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In the Loop

The U.N.'s Taller, So He's Moving Up

By Al Kamen
Wednesday, March 9, 2005; Page A19

Despite all the hubbub, is the selection of Undersecretary of State John R. Bolton to be ambassador to the United Nations a big promotion? It doesn't carry Cabinet rank, after all, and the ambassador reports to the assistant secretary of state for international organizations, a job Bolton had in Bush I.

Thomas R. Pickering was U.N. ambassador back then and was said to have on occasion resisted direction from Bolton. If Bolton is the ambassador, will he take direction from the assistant secretary? Some folks say he will. We'll see.

_____In the Loop_____
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Friday's Question:
It was not until the early 20th century that the Senate enacted rules allowing members to end filibusters and unlimited debate. How many votes were required to invoke cloture when the Senate first adopted the rule in 1917?
51
60
64
67


Bolton also will have a new staff at the United Nations, including Democratic Sen. John F. Kerry's sister Margaret A. "Peggy" Kerry, a career civil servant who works there as a liaison with nongovernmental organizations.

Loop Fans may recall that, during the presidential campaign, a Catholic antiabortion group raised a fuss when Kerry did a little speechifying for her brother, promising feminists that Kerry, if elected, would overturn various Bush policies -- such as barring funds for U.N. population-control efforts.

Bolton is often referred to in the media as a "neo-con," which is not accurate. His first priority is that, democratic or not, other countries do what Washington tells them. So he's more properly a nationalist American or nationalist conservative. That would be "nat-con."

The U.N. post was not Bolton's first choice -- he wanted to be No. 2 at the State Department. But at least he'll have the spectacular Negroponte Kitchen at the Waldorf-Astoria Hotel to use. And it'll be an easier commute to visit his daughter, who is in college nearby.

Lugar Had Less Reserve in '99

Meanwhile, some Senate Republicans have reacted guardedly to the Bolton nomination. Senate Foreign Relations Committee Chairman Richard G. Lugar (R-Ind.) said he was "going to reserve any comments about the appropriateness or not of the president's choice."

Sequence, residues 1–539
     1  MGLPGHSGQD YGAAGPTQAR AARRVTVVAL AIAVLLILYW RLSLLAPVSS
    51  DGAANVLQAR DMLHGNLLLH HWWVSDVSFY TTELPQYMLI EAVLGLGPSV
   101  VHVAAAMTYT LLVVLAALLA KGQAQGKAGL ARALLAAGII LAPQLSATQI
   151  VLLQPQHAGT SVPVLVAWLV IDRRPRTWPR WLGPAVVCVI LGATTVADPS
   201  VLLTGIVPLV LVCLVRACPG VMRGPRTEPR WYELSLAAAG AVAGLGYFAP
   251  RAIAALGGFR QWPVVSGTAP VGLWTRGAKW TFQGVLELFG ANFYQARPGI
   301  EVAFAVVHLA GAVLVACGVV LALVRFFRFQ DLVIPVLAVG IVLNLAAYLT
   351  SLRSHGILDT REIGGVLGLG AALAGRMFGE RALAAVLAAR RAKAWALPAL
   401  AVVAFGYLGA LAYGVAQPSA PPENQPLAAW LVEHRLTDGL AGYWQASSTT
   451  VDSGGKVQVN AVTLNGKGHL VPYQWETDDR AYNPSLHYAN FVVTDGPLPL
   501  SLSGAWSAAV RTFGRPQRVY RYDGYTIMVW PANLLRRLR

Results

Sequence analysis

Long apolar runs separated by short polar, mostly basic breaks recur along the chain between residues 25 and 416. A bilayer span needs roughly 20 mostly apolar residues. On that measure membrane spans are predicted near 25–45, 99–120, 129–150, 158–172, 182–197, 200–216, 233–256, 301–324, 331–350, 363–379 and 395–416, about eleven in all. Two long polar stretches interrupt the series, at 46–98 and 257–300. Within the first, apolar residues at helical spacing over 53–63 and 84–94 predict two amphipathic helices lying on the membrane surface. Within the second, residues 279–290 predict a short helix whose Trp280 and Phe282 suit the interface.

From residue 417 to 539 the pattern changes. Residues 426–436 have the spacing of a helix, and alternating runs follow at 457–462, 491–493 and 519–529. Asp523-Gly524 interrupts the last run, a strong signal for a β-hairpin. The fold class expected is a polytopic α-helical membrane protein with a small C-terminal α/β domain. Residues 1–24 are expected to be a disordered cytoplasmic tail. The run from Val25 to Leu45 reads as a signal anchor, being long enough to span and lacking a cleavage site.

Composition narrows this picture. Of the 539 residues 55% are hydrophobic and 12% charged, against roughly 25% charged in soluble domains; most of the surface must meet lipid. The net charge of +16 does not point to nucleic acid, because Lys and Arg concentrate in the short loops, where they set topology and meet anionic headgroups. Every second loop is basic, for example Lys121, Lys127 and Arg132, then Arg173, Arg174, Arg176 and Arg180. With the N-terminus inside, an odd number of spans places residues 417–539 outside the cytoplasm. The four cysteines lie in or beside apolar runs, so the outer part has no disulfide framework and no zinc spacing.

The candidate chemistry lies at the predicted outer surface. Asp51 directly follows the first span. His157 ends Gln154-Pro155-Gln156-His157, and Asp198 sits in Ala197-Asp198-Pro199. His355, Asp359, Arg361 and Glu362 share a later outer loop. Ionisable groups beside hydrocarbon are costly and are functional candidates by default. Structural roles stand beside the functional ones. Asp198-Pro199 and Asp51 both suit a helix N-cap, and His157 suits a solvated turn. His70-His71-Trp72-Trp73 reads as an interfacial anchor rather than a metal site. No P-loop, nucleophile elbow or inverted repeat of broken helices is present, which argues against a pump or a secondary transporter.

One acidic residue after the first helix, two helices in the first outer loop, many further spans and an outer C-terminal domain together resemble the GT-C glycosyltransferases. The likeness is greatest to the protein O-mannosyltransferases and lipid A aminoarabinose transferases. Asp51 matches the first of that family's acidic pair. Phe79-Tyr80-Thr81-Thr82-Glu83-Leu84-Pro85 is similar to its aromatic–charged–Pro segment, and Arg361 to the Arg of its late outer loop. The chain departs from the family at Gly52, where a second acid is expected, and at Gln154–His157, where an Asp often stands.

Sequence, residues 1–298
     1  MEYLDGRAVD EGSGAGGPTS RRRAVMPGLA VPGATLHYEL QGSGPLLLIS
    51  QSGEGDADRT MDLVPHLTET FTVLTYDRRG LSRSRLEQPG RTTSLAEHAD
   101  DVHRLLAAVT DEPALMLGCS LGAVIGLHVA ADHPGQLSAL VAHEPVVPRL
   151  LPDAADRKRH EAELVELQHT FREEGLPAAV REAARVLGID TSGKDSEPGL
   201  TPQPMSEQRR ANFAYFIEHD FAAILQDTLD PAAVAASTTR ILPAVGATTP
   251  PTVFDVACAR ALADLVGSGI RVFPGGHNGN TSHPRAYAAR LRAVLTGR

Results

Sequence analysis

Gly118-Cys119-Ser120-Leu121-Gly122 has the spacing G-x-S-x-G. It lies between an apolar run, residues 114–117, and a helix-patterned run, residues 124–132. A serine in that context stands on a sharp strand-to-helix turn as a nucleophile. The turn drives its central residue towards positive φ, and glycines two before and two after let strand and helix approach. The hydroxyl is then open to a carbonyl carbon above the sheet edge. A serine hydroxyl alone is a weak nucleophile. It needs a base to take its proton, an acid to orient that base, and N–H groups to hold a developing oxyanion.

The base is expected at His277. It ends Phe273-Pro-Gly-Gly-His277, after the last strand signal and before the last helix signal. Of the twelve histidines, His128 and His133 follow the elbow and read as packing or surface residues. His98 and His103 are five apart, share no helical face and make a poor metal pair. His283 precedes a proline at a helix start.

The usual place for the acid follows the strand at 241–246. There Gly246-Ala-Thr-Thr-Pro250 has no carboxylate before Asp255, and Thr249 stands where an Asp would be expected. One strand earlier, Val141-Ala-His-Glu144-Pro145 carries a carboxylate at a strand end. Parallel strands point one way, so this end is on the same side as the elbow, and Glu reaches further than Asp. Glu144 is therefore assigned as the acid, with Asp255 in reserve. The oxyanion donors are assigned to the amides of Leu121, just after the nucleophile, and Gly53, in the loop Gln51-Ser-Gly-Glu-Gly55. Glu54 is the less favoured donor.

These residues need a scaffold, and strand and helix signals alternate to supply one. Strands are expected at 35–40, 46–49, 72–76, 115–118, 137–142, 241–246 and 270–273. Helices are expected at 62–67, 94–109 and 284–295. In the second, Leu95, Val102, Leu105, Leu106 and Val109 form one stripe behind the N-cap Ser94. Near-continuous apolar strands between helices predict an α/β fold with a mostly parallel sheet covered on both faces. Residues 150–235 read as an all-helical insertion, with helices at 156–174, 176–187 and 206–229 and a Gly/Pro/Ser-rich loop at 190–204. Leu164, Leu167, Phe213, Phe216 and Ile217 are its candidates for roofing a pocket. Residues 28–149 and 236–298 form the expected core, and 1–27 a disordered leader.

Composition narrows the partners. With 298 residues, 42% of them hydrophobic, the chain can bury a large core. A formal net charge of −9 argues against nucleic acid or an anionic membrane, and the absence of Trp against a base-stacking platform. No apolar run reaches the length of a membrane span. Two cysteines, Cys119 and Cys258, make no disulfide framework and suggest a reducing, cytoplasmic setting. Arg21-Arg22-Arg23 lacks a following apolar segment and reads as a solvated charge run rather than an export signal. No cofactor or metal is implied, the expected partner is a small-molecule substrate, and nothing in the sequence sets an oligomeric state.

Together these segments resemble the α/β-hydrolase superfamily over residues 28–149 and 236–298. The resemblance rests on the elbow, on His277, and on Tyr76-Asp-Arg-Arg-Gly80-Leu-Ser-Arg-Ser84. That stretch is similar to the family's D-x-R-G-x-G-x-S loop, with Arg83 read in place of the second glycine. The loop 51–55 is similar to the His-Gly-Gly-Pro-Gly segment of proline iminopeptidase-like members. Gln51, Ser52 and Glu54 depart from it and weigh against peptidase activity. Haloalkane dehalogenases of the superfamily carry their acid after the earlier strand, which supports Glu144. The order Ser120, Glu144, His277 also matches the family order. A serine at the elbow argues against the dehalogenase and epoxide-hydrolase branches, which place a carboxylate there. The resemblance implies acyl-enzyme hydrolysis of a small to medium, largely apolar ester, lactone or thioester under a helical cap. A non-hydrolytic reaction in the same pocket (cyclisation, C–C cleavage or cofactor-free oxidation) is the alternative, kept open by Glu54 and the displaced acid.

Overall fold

In contrast, when President Bill Clinton nominated Richard C. Holbrooke for the U.N. job in 1999, Lugar didn't "reserve any comments." He called Holbrooke "an excellent nominee" and said "somebody is needed at the U.N. who is tough, who looks after American interests."

Plaque Removal

A clarification may be in order regarding a recent column about the elegant Mel Sembler Building in Rome, the embassy annex named for the sitting ambassador and the annex's conference center, named for Rep. C.W. Bill Young (R-Fla.). Young got the building named for Mel Sembler, a wealthy GOP contributor.

It is apparently correct that this is the first time the U.S. government has named a building for a sitting ambassador. But we're told other distinguished ambassadors may have had their names on plaques at embassy buildings.

For example, the late Washington lawyer Ralph E. Becker, ambassador to Honduras for nine months in 1976-77, had his name on a plaque inside an embassy annex apparently acquired while he was in Tegucigalpa. The plaque was removed after he left, embassy veterans say, though he is still fondly remembered for having nodded off during his credentials presentation at the presidential palace.

(The House passed a bill in 1980 to strike a plaque honoring Becker, a founding trustee of the Kennedy Center and a major cultural and civic patron here, for the grand foyer of the building. He would have been the third person honored there by name, John F. Kennedy and Dwight D. Eisenhower being the first two. But the Senate apparently declined to go along.) Unclear why Congress and the White House don't put a stop to this naming of diplomatic buildings overseas for contributors, politicians and the like.

Keep an Eye on the Menu

For those who have been worried, we're happy to report that the Department of Labor cafeteria, a renowned centre of haute cuisine, is once again open for business. Seems D.C. health inspectors closed the cafeteria on Thursday, Labor Department officials said in an e-mail, "due to signs of recent rodent entry."

But the cafeteria reopened for lunch Friday after the contractor, Guest Services Inc., "increased its food safety measures."

"Employees are encouraged to report . . . any evidence of the presence of pests in the building," meaning, we hope, only those of the four- or multi-legged variety.

Just a Few Digits Off

And this e-mail invitation just in from the powerful lobbying group, the Consumer Electronics Association. It's having a "celebratory dinner" March 15 to "pay tribute to 80 years of technology and innovation." ("Be there as we honor the inaugural class of Digital Patriots, all known for their positive impact on the rapidly evolving consumer technology industry.")

The "Digital Patriots," the invite said, "are outgoing Federal Communications Commission Chairman Michael Powell; Sen. George Allen (R-Va.); Rep. Darrell Issa (R-Calif.); and Rep. Richard Boucher (D-Va.)."

The CEA is especially close to Boucher, whose first name is actually Frederick.

Rising Starrlets

Another former aide to former independent counsel Kenneth W. Starr goes to the White House staff. The new deputy general counsel is William K. Kelley, a Notre Dame law professor, clerk when Starr was on the appeals court and then clerk to Justice Antonin Scalia. Kelley wrote the Monica S. Lewinsky report along with, among others, current White House staff secretary Brett M. Kavanaugh, but reportedly not the nasty parts.


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